It's easy enough to not renew my subsciptions to American Girl and Nickelodeon magazines since I'm not exactly sure why we receive them in the first place. But I'm not so willing to get rid of my pedicure of the month membership since, um, nice toes help me run so much faster. And so the budgeting gets harder.

And then I notice that the kids are watching television again. They've snuck upstairs to my room and have closed the bedroom door so that I don't hear them (because they are sooooo sneaky) and when I surprise them (booo!), they turn it off quickly (embarrassingly, I was guilty of the exact same thing at their age, but we don't need to get into that), but not before I see that they've been watching Hannah Montana, which is probably one of the lamer shows I've ever seen. I mean, how come Miley's friends at school don't REALIZE that she looks exactly like Hannah M. because she IS Hannah M.? Come on, tv execs, do you think our kids are stooopid?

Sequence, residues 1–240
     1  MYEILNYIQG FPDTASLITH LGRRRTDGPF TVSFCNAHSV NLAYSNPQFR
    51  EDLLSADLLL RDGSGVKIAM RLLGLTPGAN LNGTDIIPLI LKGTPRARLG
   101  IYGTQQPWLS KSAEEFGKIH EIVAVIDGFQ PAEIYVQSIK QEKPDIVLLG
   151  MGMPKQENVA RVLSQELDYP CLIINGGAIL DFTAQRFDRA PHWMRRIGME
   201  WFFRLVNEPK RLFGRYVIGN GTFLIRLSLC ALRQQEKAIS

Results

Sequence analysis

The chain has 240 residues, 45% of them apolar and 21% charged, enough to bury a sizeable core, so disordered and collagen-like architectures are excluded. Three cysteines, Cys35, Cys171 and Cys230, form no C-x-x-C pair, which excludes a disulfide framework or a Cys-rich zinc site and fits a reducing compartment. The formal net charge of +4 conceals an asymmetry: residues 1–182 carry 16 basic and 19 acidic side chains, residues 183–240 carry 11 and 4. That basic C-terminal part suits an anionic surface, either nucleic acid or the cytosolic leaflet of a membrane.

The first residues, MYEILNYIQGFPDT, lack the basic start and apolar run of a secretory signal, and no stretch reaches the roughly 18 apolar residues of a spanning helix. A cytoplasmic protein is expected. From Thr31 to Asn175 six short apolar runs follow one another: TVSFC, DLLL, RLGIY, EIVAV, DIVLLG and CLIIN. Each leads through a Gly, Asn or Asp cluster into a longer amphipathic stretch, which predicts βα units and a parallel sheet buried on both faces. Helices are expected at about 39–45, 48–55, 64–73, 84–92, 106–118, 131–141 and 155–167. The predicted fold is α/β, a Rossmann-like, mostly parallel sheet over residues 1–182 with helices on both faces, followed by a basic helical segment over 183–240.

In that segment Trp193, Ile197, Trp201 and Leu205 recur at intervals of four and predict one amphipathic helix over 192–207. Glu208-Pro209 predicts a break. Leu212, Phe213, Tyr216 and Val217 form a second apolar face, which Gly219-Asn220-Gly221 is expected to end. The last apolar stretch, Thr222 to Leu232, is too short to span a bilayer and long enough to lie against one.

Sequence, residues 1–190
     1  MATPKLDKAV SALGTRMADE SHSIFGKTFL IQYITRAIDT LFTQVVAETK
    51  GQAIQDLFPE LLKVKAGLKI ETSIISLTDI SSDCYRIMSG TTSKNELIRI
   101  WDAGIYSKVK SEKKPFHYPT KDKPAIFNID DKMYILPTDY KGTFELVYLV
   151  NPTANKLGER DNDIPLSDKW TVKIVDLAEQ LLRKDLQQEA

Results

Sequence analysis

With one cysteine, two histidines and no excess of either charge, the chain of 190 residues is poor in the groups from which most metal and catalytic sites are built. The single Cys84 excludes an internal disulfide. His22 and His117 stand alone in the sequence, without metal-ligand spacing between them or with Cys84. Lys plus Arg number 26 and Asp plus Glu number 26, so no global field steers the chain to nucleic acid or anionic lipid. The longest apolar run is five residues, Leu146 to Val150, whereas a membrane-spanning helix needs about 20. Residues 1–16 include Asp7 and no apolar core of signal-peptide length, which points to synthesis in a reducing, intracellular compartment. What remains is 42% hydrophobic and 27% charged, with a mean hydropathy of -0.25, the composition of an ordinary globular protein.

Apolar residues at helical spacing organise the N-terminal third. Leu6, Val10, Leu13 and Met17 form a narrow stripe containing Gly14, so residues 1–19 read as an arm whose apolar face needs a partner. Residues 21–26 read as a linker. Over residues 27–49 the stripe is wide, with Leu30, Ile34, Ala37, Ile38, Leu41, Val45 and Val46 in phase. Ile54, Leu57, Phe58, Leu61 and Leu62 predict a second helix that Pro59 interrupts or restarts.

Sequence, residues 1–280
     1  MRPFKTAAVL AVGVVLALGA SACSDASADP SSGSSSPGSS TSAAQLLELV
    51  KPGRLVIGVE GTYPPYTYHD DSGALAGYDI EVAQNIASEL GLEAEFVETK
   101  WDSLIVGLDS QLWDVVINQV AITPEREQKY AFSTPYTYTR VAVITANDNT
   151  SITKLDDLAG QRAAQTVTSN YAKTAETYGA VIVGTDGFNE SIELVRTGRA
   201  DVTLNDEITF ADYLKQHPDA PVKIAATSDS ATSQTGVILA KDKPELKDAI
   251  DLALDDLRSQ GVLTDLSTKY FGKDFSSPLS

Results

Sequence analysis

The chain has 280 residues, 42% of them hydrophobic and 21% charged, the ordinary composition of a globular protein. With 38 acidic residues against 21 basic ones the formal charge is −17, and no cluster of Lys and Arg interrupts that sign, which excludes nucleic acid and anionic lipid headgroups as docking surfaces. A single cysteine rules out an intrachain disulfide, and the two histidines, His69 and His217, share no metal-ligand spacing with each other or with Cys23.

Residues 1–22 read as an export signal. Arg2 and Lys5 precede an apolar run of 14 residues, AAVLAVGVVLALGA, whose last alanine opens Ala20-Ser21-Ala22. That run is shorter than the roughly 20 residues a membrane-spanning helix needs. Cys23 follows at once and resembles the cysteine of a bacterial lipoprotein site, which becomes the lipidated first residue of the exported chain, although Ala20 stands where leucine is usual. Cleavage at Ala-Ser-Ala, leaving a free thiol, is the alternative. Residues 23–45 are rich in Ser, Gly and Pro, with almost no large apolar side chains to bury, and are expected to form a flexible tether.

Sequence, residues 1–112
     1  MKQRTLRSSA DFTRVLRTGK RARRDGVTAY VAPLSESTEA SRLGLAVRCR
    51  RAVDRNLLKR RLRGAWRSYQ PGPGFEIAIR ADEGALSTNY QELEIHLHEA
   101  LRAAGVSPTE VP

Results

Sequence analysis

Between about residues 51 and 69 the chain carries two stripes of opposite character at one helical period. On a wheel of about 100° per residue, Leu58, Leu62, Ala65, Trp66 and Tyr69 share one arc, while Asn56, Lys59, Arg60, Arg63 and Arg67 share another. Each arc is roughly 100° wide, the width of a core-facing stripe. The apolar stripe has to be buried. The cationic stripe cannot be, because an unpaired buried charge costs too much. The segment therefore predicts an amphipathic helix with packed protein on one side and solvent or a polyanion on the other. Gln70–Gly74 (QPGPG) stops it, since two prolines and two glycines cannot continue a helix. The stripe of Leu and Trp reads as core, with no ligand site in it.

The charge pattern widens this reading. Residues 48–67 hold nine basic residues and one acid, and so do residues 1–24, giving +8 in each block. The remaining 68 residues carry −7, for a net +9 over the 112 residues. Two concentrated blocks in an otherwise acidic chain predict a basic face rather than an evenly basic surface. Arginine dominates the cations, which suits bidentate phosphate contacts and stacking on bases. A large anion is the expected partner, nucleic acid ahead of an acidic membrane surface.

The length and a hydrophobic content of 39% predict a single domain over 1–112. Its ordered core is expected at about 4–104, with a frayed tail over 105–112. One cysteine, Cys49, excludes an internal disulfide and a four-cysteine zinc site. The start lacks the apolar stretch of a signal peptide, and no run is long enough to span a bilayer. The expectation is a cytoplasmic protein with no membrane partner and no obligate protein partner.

"Why are you guys watching this?" I practically whine. And then it hits me. I can barely remember the last time I watched cable. Last night I tried to and couldn't find anything I wanted. This is the perfect thing to redline.

I let the kids watch the rest of the show and I watch it with them. It is slapstick, superficial, and totally age inappropriate for a six year old girl, though Miley is pretty and has cute clothes. Tali smiles when she watches her sing. It's sweet, but there are many, many years for her to watch inane tv shows and not only will nixing cable save some money, but also a lot of arguments.

"You guys, next month we're getting rid of cable. We don't really need it and school will start and then we'll be too busy to watch TV," I tell them. "Plus there is a ton of stuff we can do besides watching these shows."